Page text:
61. It is within an understanding of the episcopal office, as outlined above (nno. 31-38), that Roman Catholics see the special role of the Bishop of Rome. Just as each bishop is a focus of unity in his own diocese, so the bishop of Rome is such a focus in the communion of dioceses of the whole Church. In regard to the diocese of Rome, the Pope has the authority or jurisdiction that the bishops have in their dioceses. Roman Catholics believe that he also has ordinary jurisdiction throughout the Church in the sense that he acts by virtue of his office and not by delegation. This is an immediate episcopal jurisdiction in all dioceses, in the exercise of which he is required to respect each local church and the authority of each bishop. Catholics recognize that theological exploration of the relation between the authority of the Pope and that of the local bishop remains unfinished. The authority of the Pope should not in any case, they say, be described exclusively or primarily in jurisdictional terms. Just as many images are used of Peter in the New Testament (see no. 47), so a variety of images may be used of the Pope. It may be said that he is called to be an effective symbol of the unity of the Church in faith and life. He is a reminder of the Apostles witnessing to the resurrection, of Paul preaching to the Gentiles and of Peter professing faith in Christ and being sent to feed the sheep. In a particular way the Pope is a sign of Peter. “Vicar of Peter” is an ancient title that indicates that Peter, a saint in heaven, is present in the Church on earth and is as it were made visible in the Pope. As the Papal legate said at the Council of Ephesus (A.D. 431), “Peter ... lives, presides and judges ... in his successors”5.

62. It would not be inconceivable that at some future date in a restored unity, Roman Catholic and Methodist bishops might be linked in one episcopal college and that the whole body would recognize some kind of effective leadership and primacy in the bishop of Rome. In that case Methodists might justify such an acceptance on different grounds from those that now prevail in the Roman Catholic Church. Moreover, as said above, some of the current functions carried out by the bishop of Rome pertain to his diocesan see or to his office as Patriarch of the Latin Church rather than to his universal ministry of unity. Further joint study would need to be done on the nature of episcopacy and on the precise nature and extent of the authority which properly belongs to the Pope’s universal ministry.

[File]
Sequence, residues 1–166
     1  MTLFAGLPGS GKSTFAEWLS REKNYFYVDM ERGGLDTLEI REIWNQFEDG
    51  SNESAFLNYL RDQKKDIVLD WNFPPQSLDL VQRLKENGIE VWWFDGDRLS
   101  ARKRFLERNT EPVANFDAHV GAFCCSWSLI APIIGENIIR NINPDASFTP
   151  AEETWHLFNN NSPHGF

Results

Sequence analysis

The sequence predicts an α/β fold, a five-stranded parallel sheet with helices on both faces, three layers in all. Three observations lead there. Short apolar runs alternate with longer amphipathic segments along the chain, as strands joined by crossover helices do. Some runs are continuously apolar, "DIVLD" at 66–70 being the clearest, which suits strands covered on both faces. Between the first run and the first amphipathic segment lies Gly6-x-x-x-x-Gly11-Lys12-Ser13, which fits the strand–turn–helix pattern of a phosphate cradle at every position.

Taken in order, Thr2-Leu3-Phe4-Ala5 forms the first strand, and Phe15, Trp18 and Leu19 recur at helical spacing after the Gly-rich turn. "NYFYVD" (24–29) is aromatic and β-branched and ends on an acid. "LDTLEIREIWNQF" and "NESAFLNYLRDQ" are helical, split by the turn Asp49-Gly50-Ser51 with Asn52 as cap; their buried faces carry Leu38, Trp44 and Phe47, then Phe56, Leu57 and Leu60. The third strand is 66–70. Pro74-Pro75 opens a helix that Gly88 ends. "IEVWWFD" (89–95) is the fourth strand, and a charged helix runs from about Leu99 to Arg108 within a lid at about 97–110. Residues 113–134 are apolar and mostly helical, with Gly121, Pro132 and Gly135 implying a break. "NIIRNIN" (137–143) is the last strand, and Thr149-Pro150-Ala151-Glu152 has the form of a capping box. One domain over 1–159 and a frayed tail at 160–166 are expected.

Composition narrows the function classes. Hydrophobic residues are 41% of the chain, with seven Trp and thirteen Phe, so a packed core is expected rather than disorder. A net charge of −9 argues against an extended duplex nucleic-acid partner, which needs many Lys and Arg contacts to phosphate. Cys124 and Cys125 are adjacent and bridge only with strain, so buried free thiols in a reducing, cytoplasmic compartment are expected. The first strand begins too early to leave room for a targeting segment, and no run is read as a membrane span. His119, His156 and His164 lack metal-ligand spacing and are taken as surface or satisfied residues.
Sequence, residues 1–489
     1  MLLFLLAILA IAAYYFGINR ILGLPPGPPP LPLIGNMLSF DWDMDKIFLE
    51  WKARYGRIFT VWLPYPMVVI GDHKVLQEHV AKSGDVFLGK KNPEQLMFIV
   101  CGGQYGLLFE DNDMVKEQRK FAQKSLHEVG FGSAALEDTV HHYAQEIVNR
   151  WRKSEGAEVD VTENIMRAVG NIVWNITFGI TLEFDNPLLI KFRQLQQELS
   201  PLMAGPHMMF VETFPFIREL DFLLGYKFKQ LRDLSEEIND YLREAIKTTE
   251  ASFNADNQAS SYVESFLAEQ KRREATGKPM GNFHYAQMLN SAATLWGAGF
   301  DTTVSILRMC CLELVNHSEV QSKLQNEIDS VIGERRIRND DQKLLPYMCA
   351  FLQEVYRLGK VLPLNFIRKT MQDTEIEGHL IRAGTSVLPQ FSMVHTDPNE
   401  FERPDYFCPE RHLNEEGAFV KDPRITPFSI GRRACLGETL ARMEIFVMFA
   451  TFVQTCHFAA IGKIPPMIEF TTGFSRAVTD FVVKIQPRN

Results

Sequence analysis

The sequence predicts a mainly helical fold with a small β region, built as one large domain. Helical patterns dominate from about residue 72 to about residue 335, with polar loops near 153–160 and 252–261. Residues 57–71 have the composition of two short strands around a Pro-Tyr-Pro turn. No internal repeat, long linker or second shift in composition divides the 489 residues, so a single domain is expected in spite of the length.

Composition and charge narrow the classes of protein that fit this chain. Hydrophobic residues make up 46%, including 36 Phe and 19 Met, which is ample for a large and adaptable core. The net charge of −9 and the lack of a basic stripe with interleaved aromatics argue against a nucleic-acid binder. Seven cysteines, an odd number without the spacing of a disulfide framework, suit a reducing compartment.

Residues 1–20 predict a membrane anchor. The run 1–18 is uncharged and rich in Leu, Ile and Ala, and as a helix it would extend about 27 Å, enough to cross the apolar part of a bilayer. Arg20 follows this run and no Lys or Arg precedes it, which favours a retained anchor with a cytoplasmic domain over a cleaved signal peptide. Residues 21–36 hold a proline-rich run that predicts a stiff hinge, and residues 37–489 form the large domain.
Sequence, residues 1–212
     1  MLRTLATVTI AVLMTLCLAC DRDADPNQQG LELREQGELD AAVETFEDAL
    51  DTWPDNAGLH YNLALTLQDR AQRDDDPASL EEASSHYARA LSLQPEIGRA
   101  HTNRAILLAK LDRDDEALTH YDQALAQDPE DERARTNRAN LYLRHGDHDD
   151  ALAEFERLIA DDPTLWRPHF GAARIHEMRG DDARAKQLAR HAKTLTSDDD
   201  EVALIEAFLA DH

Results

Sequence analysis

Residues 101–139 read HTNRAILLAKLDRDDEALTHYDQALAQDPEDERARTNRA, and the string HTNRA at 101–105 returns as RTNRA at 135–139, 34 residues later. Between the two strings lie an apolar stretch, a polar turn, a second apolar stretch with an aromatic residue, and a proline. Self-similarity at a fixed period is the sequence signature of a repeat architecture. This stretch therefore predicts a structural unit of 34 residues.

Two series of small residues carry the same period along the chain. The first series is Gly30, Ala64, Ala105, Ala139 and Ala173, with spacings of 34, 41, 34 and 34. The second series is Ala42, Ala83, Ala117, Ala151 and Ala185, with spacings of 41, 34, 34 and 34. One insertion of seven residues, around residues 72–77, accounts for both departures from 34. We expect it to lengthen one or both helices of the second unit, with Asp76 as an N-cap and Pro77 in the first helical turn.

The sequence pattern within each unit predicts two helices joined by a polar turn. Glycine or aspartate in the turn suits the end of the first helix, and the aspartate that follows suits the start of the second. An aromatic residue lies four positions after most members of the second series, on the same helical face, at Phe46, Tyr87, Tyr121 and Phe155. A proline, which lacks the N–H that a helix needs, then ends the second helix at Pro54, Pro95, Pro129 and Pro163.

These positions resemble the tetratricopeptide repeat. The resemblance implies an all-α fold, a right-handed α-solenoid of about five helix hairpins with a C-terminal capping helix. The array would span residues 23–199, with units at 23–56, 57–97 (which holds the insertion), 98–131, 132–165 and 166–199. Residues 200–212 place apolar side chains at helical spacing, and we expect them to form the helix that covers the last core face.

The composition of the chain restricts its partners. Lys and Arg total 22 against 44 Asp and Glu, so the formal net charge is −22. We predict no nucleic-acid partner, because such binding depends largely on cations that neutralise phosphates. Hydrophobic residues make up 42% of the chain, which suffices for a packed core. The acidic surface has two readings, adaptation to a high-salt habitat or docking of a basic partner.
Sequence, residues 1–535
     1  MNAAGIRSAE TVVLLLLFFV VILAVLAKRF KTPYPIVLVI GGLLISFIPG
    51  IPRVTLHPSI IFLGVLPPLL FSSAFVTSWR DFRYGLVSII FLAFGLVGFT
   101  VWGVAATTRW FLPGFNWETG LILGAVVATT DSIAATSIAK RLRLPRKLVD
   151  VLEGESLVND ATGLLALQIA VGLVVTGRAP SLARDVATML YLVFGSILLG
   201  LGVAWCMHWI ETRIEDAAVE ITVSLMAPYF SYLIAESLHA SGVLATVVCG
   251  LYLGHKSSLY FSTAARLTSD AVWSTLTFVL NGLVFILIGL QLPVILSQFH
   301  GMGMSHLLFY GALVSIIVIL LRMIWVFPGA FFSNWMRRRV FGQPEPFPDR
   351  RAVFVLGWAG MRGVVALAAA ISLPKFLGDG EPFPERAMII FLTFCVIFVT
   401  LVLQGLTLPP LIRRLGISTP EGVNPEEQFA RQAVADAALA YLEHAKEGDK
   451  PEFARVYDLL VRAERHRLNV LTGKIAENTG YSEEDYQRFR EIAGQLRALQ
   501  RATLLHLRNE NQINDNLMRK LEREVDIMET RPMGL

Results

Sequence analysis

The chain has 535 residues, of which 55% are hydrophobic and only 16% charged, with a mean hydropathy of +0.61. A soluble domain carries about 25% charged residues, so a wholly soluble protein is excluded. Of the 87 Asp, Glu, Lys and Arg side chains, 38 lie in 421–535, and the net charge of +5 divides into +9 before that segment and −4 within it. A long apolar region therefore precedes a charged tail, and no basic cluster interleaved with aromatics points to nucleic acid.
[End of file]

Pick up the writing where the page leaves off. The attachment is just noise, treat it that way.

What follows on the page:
d) Authoritative Teaching

63. Because God wills the salvation of all men and women, he enables the Church, by the Holy Spirit, so to declare the truth of the divine Revelation in Jesus Christ that his people may know the way of salvation.

64. The Scriptures bear permanent witness to the divine revelation in Christ and are normative for all subsequent tradition.

65.At different moments of history it is sometimes necessary to clarify the contents of Christian Faith, and even to define the limits of orthodoxy. For this reason the Christian Church convenes in councils, whose purpose it is to bring into sharper focus various aspects of Christian belief. Properly understood the decisions of the ecumenical councils which met in the first centuries command assent throughout the whole Church, and there is no reason to think that at the end of the patristic era God stopped enabling his Church to speak in such a way. Other occasions have called, and may still call for such authoritative guidance.

66. According to Catholic belief, the authority of such councils derives from the charisms of teaching and discernment which the Spirit gives for the building up of the body. The episcopal college exercises this teaching ministry through discerning the faith of Christians, present and past, and always with reference to the supreme norm of the Scriptures. To the extent that the Church in any era teaches the truths of salvation that were originally taught in the Scriptures, that teaching is binding. To definitions of a council “the assent of the Church can never be wanting, on account of the action of the Holy Spirit, by which the universal flock of Christ is kept and makes progress in the oneness of faith” (Vatican II, Lumen Gentium, 25).

67. It is acknowledged that a general council would take on new and greater significance if convened in a situation in which all Christians were united and represented. It is also acknowledged that many councils of the early Church were not recognized as genuine councils and their teaching did not have the guarantee of truth (e.g. Robber Synod of Ephesus in 449).